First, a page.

In 2009, SVTC traveled to India to work with Chintan, a group in Delhi working on the electronic waste (e-waste) issue. Together we produced the film, Citizens at Risk. In the following blog series we will be updating you on the progress of the work to work with informal recyclers to improve working conditions and legalize their operations. Below is a blog authored by Bharati Chaturvedi, Executive Director, of Chintan.
Apple products are poisoning workers who make them. This is well known, thanks to a long campaign by activists. Recently, Apple accepted this too and promised to remedy this.
That’s good news. Ensuring worker safety is an important step towards cleaner electronics. But back here in India, it is workers at the other end of a product’s life cycle that we should worry about-at the end of disposal. Informal waste collectors and dismantlers handle over 90% of India’s e-waste. Yet, their work is not clean. They work in the heat, the monsoon and in the icy cold winter, under appalling conditions. Experience tells us that even when they become formal, by forming associations or companies, their safety and health may still be compromised, unless producers themselves shift to clean production.
Let me explain. When you form a company or an association, you can apply for permits to be an e-waste collector. When you get this permit, which can take up to a year and many indirect costs, you can go out and collect electronic waste. What then?
For most informal sector actors, collection and selling e-waste to other dismantlers is still the best option. Dismantling requires more investment in training, skilled workers already familiar with dismantling, additional equipment and tools etc. This is difficult to procure even if you are organized. What is even harder is that many bigger cities are unwilling to give permits to set up more dismantling units, because they see dismantling electronics as a highly toxic enterprise because of what’s inside the old computers, phones, T.Vs and other electronics we trash. Delhi and its neighbouring city, NOIDA, are two cases in point. This trend is likely to expand to other bigger cities. Unfortunately, they have a point-electronics do have toxics inside them. And while dismantling is not a toxic process, and does not burn or extract any metals, it can still lead to some toxic releases. If monitors break, for example. Or when they use blow torches, operating at high temperatures, to remove smaller components from mother boards.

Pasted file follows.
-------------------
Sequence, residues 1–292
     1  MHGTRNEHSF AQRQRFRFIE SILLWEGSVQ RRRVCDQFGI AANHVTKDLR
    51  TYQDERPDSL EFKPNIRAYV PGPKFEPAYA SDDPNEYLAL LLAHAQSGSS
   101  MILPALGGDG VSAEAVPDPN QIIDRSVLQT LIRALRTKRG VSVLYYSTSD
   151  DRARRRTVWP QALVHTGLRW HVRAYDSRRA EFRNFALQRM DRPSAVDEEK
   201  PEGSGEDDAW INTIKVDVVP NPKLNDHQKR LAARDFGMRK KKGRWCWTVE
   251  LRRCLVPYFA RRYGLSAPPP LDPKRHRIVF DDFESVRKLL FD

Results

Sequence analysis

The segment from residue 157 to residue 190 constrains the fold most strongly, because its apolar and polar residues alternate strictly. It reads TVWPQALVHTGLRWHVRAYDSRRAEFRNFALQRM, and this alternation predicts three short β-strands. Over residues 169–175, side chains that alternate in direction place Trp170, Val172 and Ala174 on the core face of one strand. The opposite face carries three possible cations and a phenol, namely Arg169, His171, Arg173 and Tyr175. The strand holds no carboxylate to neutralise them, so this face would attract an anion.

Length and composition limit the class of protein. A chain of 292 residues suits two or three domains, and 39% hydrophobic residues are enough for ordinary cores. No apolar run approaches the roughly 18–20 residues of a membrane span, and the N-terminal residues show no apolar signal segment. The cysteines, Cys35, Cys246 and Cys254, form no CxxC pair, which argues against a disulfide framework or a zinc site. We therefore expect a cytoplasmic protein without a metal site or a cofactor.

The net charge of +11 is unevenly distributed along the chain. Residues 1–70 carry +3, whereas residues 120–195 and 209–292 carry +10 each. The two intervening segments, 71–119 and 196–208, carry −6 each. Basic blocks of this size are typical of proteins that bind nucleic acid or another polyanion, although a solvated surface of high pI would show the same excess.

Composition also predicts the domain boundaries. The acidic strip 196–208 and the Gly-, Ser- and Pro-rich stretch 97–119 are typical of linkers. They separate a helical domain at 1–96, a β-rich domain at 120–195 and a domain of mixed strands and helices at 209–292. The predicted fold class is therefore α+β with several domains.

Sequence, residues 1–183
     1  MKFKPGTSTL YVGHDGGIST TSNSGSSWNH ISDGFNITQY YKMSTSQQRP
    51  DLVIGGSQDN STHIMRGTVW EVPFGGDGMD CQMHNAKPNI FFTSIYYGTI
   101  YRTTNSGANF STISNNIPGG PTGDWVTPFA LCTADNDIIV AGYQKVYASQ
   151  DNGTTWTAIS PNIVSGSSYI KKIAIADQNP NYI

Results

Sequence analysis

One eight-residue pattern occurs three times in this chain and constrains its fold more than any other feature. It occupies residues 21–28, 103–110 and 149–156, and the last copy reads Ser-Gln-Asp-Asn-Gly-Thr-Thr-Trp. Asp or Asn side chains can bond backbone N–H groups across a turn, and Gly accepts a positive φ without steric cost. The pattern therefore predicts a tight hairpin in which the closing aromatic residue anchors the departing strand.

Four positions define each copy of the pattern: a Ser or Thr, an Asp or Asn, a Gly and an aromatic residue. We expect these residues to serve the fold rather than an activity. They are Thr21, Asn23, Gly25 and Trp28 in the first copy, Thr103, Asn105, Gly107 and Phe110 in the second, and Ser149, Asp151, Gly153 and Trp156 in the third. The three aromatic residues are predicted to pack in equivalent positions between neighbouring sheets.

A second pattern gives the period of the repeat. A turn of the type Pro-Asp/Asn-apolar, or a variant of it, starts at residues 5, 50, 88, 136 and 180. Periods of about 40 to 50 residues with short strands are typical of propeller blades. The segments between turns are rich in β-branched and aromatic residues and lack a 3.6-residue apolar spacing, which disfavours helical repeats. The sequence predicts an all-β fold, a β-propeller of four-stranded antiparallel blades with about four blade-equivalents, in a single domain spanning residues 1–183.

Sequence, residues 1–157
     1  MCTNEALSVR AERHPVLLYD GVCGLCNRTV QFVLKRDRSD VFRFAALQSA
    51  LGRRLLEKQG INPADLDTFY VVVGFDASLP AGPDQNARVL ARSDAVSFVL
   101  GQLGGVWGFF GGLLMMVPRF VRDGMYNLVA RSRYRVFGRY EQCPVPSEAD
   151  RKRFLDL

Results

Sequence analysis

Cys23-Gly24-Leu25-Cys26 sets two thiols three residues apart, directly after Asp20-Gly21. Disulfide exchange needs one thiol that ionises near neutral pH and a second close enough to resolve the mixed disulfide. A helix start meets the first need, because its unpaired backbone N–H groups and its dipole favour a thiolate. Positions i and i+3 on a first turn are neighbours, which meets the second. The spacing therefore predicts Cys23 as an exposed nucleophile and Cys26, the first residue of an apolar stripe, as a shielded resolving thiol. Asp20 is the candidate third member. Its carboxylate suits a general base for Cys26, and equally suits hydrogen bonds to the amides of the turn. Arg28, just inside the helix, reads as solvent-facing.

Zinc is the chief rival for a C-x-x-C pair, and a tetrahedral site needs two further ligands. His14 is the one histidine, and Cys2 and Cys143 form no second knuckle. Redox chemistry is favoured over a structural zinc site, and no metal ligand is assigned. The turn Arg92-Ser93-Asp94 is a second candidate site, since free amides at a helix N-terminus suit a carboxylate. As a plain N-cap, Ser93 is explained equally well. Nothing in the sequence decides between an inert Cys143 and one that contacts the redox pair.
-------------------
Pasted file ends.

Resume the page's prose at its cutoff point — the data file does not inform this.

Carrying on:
This means that workers from the informal sector cannot value add and earn the most money from the e-waste they collect because the manufacturers have pumped them up with dangerous chemicals and this has the authorities very wary about dismantling except by very capital intensive plants. This is worrying for two reasons. First, that poor-and inconsiderate- design reduces the legal earning for such workers. Second, that this acts as a disincentive for workers who are currently dismantling to actually formalize, because they will have to change their line of business to collection, where their core skills will be unused. They may even experience a reduction in incomes. Such a disincentive is bad for them and bad for the environment. If they continue to dismantle, they bear the brunt of the toxics in electronics. If they expand their business, as many of them hope to do, collection will only be a means of vertical integration and to secure their dismantling businesses. It will be peripheral. For most, real expansion means adding value and increasing incomes from opportunities in extraction-even if it is illegal. Again, they will end up exposing themselves and other workers to dioxins, lead and acid fumes.
The new rules on e-waste in India, the E-Waste (Management and Handling) Rules, 2011, mandate toxics reduction. Despite the occasional criticism of these, they are a first step to making electronic waste handling fair on the workers. More important is that producers of electronics clean up the insides of their products. Apple has taken a step, although it has a long way to go. The others must take their first step soon. It’s time to stop letting the workers at either end of the product chain to take in the poisons from our hyper-connected, comfortable life-styles.